In a second line of argument, the appellant referred to the stent disclosed in D4, Figures 4a and 4b, which additionally comprised S-shaped bridging elements (84) connecting the cylindrical tubes (82). The elements (84) were regarded as corresponding to the longitudinal connecting elements (3) set out in claim 1 of the patent at issue. The appellant alleged that it was close at hand also to provide the rectilinear parts of the S-shaped bridging elements (84) with recesses in order to increase the amount of drug delivered by the stent.
4.2 The Board cannot agree. With respect to the transport of a therapeutic agent, the teaching of document D4 is unambiguously clear: due to their large size only the axial struts (28) are provided with recesses or holes since there is enough space for doing so. There is no information in D4 implying that also other parts of the stent could be used for drug delivery. Arguing that other parts of the stent could also be provided with recesses can be done only by hindsight, i.e. in the knowledge of the claimed invention.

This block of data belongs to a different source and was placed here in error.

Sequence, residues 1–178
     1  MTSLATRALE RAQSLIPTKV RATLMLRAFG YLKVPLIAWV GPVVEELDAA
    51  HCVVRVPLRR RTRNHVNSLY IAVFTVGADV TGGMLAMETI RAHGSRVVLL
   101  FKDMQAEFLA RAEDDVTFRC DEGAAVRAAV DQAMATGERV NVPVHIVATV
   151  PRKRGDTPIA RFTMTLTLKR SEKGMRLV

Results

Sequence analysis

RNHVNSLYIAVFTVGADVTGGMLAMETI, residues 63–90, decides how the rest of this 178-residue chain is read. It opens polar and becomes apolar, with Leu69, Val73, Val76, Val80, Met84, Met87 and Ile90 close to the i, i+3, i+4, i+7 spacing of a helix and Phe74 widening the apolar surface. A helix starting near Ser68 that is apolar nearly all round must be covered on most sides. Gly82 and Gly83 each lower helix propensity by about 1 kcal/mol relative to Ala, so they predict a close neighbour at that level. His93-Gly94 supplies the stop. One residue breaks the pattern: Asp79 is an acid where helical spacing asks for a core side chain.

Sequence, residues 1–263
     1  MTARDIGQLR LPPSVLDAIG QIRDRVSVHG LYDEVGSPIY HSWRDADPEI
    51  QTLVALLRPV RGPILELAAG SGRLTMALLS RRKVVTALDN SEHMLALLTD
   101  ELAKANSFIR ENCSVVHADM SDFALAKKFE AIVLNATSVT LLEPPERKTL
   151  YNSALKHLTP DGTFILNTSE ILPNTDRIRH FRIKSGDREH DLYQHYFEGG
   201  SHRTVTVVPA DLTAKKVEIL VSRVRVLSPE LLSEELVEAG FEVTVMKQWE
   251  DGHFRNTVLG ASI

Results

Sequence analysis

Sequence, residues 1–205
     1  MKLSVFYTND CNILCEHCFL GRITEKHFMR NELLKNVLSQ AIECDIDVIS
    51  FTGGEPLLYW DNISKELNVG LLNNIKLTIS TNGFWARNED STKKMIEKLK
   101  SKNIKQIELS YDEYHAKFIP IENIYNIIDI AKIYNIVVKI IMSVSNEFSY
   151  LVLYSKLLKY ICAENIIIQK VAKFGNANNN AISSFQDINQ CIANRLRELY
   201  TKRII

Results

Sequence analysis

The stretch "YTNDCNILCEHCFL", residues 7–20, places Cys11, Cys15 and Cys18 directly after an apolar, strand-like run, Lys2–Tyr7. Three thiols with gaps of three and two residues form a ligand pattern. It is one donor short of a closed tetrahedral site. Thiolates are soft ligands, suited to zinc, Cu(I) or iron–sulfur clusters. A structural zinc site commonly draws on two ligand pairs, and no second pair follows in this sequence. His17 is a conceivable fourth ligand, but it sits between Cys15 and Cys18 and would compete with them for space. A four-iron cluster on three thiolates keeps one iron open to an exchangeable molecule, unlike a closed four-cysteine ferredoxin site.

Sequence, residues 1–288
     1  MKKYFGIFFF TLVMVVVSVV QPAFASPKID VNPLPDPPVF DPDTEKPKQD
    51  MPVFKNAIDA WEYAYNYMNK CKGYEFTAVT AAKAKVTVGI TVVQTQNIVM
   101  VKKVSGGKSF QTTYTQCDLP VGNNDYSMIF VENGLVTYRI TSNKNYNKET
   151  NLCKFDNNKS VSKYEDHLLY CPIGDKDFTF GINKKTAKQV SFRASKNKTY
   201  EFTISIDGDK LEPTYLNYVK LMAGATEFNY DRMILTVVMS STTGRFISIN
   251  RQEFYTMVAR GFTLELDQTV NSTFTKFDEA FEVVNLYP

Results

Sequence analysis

As to the second line of argument, document D4 teaches on page 15, lines 1 to 8, that the bridging elements (84) provide the stent with an improved axial flexibility and allow the device to bend when passing through the vasculature and to match the curvature of a lumen to be supported. Claim 1 of the patent at issue however requires that areas of the stent which undergo deformation should be free of recesses to prevent weakening of the stent's strength. Providing the bridging part (84) with recesses would, therefore, mean acting contrary to the teaching of the patent at issue.